Tony Soprano’s House Hits the Market – Smart Media Magazine

Tony Soprano’s House Hits the Market


The house that Tony Soprano called home is listing for sale 20 years after its television debut.

The roughly 5,600-square-foot home in North Caldwell, N.J., where America’s favorite fictional mobster scooped up his morning newspaper and swam with ducks, is being listed for sale by the owners, Patti and Victor Recchia, at a “starting price” of $3.4 million. Set on a 1.5-acre lot, it includes the main house with four bedrooms, four full bathrooms and a powder room; two two-car garages; and a detached one-bedroom guesthouse. The property taxes are $34,005 a year.

The price is ambitious for a neighborhood where comparable homes have sold for between $1.5 million and $2 million, according to Zillow. But Mr. Recchia, 65, the owner of Fourth Generation Construction, which built the house, as well as more than 20 in the development where it’s located, said the value exceeds the brick and mortar.

“Those things can be quantified,” said Mr. Recchia, “but I don’t think you can quantify the intrinsic value of this home.”

The house, where Tony Soprano pulled into the long, curving driveway in the opening credits of “The Sopranos,” was both a frequent filming location and the inspiration for a meticulous replica of the interiors at Silvercup Studios in Queens, N.Y.

Scenes in the pilot episode were filmed in the home’s kitchen, where viewers first met Tony’s long-suffering wife, Carmela, and their children, A.J. and Meadow. Tony, the sullen gangster with mommy issues, waded into the backyard pool with a family of ducks and had a panic attack on the patio in the same episode.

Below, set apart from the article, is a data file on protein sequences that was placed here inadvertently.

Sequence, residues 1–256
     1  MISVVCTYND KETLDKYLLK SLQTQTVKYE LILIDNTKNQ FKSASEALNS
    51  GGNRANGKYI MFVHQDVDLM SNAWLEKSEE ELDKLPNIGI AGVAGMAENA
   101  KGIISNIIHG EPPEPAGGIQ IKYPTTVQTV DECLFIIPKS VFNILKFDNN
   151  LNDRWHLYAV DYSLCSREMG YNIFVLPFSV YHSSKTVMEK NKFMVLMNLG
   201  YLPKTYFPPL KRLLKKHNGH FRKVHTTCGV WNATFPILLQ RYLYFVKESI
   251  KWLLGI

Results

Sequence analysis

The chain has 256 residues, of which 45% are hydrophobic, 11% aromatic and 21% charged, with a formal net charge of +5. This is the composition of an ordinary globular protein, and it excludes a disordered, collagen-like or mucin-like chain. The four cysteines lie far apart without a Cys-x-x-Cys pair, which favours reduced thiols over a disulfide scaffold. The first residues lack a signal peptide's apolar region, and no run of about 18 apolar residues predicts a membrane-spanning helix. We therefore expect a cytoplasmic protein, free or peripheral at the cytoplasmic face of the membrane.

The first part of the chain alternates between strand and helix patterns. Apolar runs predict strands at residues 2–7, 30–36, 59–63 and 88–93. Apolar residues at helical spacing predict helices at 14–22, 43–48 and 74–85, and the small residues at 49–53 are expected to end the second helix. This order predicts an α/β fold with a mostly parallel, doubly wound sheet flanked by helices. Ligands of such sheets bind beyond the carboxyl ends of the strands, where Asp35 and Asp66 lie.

While later indoor scenes were mostly filmed on a Silvercup soundstage, the production crew returned to the Recchias’ home year after year for exterior shots. So do some die-hard fans.

“I was pulling out of the driveway and I noticed a few fellas on their motorcycles coming down the cul-de-sac,” said Ms. Recchia, about a recent interaction. “So I open my car window just to acknowledge them, and they say, ‘Hi, Mrs. Soprano! We’re not going to mess anything up, just want to take a couple photos.’”

“They’ll pull up in like a limo or something, get out in a robe, and pick up a newspaper,” said Mr. Recchia, who encountered a father and son who said the photo op was part of a Father’s Day present.

On a recent tour, Mr. Recchia played home videos of the cast filming the pilot episode in his kitchen. In another video, Mr. Gandolfini joked poolside about not wanting to leave. “I’ll be here every Thursday at 7,” he said with a smile.

As the show became a critical darling and commercial juggernaut for HBO, the Recchias hosted still more celebrities. There was Steve Buscemi, who played Tony Soprano’s cousin, Tony Blundetto, and also directed some episodes. Annie Leibovitz, the famed photographer, shot a portrait of Mr. Gandolfini looking somber in the sitting room. Yogi Berra, the legendary Yankees catcher and manager, swung by once to watch the filming. “The crew was mesmerized,” Ms. Recchia said.

The Recchias are selling because their adult son moved out many years ago and they don’t need as much space. They plan to stay in New Jersey.



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